This post first appeared on Russia Insider
Ever notice that mainstream US news almost never has on-the-ground reporting from Germany? That's because none of the main networks have bureaus there - instead they fly people in from London. Not so the hard-working people at Vesti, who have a full-tme bureau in Berlin, and a great correspondent there who really knows the country, and does great reporting. Oh, and RT has a huge office in Berlin too. We're telling you, watch Russian news, it is really very good.
Germany’s government can’t seem to bring enough tolerance and diversity to the country. Sometimes the diversity is “refugees” engaging in mass sexual assault during New Year’s celebrations, other times tolerance comes by police questioning and interviewing women with braided hair for “Nazi” beliefs.
All of this is part and parcel of the “Changing Germany”.
The political temperature is rising. Recently a bombing occured at the office of Alternative for Germany (AfD), a nationalist-learning party that has risen to prominence in the last few years. The most likely culprit--the far-leftists collectively known as Antifa.
Another incident took place over the holidays in Germany. There was an explosion at the Alternative for Germany office in Döbeln in the east of the country. The police have already detained three suspects. Two of them are about 30, the third one is 50.
All of them are German citizens. According to one of the proposed theories, they were driven by political motives. In recent days, the situation around the migrant issue has been clearly escalating. A number of parties stood up for tougher laws after another New Year scandal involving refugees.
My colleague Alexander Korostelev has the details.
The historic center of Amberg is perfect to be featured on a New Year's card from Germany. There's a Kurfürst castle, candy houses, and a classic Bavarian atmosphere. They learned about the policy of open borders from news programs until the city itself went into the spotlight.
For 12 Amberg residents, shopping for New Year's gifts resulted in various injuries. A group of drunken refugees battered and insulted passersby with impunity for several hours. Three Afghans and one Iranian, aged 17 to 19, attacked passersby, including children, with abandon.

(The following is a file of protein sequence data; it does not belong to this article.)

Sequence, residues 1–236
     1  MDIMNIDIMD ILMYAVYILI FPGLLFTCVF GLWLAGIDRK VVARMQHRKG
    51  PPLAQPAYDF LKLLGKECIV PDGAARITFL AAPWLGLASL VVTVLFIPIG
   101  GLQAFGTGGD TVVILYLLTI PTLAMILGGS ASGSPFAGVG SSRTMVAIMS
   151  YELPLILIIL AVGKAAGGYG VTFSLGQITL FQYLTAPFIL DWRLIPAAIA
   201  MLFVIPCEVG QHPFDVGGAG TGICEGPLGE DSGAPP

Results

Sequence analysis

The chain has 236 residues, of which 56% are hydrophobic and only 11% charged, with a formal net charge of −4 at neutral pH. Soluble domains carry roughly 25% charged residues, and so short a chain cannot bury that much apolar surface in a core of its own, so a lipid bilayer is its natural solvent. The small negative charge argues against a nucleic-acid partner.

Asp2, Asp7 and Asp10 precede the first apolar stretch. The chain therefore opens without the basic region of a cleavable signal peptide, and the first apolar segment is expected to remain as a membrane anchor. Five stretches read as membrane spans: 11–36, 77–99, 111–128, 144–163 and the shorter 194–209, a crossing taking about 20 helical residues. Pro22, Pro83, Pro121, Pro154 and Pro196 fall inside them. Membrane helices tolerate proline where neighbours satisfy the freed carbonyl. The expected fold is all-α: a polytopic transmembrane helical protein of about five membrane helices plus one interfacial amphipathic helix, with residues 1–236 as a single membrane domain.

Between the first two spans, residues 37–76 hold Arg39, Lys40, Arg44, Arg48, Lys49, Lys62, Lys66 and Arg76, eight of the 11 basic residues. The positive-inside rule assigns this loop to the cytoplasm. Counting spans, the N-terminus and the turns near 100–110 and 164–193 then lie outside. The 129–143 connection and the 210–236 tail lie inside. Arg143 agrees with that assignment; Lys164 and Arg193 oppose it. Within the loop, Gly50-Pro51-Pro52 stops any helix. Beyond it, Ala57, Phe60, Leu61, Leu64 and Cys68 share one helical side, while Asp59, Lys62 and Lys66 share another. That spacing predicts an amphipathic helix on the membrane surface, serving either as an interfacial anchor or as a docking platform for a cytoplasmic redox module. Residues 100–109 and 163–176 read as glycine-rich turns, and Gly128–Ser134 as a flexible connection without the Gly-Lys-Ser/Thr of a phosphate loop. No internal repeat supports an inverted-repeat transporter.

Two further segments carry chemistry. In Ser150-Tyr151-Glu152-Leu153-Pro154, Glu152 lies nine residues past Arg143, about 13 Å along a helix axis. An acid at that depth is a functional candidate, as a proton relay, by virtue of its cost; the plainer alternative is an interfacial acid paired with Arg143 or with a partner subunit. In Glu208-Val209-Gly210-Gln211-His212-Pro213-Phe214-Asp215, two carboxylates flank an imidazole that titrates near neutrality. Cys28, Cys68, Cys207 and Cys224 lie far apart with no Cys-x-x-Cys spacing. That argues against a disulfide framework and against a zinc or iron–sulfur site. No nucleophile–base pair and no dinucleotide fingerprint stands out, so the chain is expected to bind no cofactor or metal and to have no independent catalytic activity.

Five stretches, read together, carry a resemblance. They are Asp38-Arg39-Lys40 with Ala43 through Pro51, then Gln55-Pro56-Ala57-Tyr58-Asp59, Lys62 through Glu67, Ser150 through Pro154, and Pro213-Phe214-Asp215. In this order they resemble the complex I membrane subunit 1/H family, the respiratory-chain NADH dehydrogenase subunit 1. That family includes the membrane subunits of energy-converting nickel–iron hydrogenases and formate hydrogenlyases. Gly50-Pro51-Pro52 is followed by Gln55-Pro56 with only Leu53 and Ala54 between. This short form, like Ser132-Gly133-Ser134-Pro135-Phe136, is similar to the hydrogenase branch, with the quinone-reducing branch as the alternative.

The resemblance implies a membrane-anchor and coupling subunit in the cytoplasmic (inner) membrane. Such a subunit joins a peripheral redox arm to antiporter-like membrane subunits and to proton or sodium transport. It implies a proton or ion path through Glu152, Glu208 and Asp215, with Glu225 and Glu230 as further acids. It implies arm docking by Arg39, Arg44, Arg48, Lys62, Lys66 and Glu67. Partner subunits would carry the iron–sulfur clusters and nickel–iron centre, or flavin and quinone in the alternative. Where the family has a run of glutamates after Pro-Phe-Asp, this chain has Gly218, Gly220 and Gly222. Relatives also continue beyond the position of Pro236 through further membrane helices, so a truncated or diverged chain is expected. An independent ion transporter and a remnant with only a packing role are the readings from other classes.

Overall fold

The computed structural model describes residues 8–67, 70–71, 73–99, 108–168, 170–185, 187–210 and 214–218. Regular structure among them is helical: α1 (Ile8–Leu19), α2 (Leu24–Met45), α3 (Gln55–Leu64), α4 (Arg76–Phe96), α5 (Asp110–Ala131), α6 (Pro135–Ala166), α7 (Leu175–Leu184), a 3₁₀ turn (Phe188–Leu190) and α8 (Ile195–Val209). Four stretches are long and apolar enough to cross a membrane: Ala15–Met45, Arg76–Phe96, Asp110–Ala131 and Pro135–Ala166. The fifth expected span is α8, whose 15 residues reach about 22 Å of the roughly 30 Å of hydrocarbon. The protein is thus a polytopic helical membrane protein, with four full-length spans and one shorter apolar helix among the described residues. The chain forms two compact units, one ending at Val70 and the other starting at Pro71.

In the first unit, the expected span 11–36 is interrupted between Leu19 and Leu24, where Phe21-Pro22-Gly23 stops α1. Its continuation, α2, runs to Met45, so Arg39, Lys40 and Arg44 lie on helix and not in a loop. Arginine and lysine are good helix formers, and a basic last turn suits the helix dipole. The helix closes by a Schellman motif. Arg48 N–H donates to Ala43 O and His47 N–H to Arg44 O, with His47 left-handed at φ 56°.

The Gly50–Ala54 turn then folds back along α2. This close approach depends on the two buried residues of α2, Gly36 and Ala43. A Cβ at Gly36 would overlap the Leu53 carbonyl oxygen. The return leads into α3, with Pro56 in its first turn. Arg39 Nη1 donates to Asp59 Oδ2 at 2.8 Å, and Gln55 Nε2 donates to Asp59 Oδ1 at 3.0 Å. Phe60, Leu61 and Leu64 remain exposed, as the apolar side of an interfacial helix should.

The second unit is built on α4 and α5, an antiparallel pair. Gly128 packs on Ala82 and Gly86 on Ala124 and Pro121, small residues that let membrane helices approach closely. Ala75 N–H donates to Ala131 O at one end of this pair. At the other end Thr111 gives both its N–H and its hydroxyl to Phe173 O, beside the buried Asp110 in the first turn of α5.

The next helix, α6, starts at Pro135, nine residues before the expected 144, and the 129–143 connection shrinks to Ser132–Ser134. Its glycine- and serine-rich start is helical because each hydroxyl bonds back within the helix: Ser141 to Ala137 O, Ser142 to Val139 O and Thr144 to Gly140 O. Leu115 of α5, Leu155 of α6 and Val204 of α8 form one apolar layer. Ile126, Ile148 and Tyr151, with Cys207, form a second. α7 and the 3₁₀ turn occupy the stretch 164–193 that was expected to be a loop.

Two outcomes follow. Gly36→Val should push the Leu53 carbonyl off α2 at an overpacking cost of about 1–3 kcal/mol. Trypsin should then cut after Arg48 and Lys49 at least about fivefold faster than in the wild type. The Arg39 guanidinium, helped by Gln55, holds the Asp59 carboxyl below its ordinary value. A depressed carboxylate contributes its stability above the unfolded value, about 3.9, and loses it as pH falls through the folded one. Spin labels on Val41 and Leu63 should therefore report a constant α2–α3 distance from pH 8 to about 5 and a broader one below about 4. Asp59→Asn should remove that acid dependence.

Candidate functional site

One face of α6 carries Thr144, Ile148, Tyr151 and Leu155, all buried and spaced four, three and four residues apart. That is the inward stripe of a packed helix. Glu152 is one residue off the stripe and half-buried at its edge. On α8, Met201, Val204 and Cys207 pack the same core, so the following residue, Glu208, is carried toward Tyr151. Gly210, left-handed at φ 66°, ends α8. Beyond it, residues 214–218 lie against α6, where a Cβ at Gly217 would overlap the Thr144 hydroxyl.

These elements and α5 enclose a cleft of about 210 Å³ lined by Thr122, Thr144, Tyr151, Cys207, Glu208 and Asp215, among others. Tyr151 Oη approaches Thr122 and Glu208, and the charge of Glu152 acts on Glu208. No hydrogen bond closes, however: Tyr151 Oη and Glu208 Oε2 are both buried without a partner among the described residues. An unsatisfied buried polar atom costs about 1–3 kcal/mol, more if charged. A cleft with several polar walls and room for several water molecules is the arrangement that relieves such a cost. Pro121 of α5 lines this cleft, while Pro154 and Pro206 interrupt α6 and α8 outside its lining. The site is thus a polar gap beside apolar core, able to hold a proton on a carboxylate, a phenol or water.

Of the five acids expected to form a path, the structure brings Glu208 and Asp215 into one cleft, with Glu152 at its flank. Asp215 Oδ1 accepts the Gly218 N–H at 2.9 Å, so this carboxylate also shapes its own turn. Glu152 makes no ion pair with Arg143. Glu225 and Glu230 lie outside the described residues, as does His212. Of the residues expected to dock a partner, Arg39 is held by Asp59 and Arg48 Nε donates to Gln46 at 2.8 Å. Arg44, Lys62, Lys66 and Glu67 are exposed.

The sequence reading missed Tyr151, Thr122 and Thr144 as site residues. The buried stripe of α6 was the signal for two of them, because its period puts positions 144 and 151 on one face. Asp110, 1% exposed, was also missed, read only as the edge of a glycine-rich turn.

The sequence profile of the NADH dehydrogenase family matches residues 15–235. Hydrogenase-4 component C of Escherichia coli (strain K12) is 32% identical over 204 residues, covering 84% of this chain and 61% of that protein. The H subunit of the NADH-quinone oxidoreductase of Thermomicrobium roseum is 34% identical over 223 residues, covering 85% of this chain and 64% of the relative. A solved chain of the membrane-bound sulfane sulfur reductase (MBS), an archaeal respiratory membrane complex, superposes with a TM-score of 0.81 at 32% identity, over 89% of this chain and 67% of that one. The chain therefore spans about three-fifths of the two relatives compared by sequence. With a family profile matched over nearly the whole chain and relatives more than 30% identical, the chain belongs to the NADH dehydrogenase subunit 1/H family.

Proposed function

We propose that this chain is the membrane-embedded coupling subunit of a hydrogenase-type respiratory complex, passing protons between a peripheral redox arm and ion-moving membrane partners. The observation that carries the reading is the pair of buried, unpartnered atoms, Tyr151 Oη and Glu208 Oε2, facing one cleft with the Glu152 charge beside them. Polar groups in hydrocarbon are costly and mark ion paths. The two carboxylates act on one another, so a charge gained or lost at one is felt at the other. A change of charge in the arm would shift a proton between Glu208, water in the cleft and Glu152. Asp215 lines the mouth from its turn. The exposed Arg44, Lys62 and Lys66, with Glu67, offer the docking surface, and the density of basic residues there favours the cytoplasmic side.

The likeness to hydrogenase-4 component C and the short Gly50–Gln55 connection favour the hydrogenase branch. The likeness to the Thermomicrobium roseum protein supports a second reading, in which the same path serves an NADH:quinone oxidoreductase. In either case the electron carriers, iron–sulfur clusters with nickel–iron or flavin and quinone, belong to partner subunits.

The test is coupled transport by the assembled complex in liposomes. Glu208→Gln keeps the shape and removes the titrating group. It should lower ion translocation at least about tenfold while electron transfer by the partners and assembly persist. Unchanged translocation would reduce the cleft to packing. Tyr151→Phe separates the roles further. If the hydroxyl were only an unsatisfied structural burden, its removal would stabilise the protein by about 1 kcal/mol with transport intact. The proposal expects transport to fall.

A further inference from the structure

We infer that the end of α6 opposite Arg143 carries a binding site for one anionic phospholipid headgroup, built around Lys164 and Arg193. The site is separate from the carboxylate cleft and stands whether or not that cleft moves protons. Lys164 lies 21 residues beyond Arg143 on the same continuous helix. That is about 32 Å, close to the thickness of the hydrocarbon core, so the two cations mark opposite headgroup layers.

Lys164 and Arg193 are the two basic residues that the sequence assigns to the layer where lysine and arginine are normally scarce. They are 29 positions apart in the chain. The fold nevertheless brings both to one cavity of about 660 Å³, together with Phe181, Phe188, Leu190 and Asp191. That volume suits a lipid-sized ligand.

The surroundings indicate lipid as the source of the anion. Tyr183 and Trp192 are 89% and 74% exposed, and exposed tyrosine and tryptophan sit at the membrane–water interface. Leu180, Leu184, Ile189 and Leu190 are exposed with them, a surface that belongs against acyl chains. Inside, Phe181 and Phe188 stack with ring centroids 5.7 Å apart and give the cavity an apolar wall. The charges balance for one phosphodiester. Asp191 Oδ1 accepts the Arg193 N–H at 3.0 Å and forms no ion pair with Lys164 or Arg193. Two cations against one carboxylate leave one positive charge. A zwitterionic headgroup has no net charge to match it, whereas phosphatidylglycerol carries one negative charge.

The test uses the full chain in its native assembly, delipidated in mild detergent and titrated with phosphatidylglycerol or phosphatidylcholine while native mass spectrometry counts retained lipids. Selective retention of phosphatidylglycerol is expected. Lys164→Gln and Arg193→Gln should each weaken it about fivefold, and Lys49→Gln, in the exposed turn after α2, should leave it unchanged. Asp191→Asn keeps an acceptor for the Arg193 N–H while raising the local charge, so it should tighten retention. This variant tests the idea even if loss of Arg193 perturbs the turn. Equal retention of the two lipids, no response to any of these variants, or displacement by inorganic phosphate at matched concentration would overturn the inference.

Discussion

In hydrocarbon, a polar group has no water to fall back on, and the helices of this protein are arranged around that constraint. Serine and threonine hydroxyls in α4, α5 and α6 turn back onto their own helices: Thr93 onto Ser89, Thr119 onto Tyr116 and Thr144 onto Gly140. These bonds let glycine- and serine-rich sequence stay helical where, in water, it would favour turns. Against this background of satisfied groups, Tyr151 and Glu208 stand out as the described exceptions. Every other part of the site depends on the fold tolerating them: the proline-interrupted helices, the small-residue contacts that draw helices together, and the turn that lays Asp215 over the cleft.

As a result, one person was hospitalized with a head injury. And the quarter, as the police call the criminals, celebrated New Year's in a detention facility. According to the city's mayor, that's where they belong.
Michael Cerny, Mayor of Amberg: "The incident shocked and horrified me. Honestly, I was enraged to some extent because it's hard to imagine such a thing happening in our city. We don't want to see such things. We don't need it."
Rambling on is the only thing with which Germany can oppose the haughty behavior of its guests. The legal status of the three detainees means that they can't be deported. The fourth one was to leave the country a year ago. Culpable abstention and passivity by the authorities urge the locals to take justice into their own hands.
Vigilante groups began to patrol the streets of Amberg. In the town of Bottrop, a 50-year-old German started to do the cleaning, as he stated it. On the New Year's Eve, the man rammed his Mercedes into groups of immigrants. Five people were injured.
Merkel, who opened the country's border to 1.5 million refugees, stepped back and let her government voice the traditional mantra.
Horst Seehofer, Minister of the Interior: "For months, I've been asked to make the deportation procedures in Germany more efficient. Different parties have urged me to do that, including the CSU. That's why the Ministry of the Interior has been working for several weeks. on amendments to the law. It's not connected to the incident in Amberg or any other incident.
I'll present our suggestions to the experts from the coalition in January. We'll see if the coalition is able to agree. I think that on one hand, we should protect people who have the right of asylum. On the other hand, we should send those who don't need our protection to their homeland."
The same strong statements were made three years ago when during the New Year Eve's in Cologne, over 1,000 German women were sexually assaulted by immigrants. The same promises were made a year later in Berlin where the Islamic terrorist Anis Amri, who came to Germany as a refugee, drove his truck into a Christmas market; 11 people were killed, and 55 people were injured. An 18-year-old Freiburg resident, who was molested by eight Syrians after she went to a nightclub, heard about the plans to toughen migration laws, too.
If earlier Christmas markets were associated with German pop songs, mulled wine, and sausages, today, one can't imagine them without concrete slabs and defense constructions. This is how the state protects society from the new reality and threats which the authorities create themselves.
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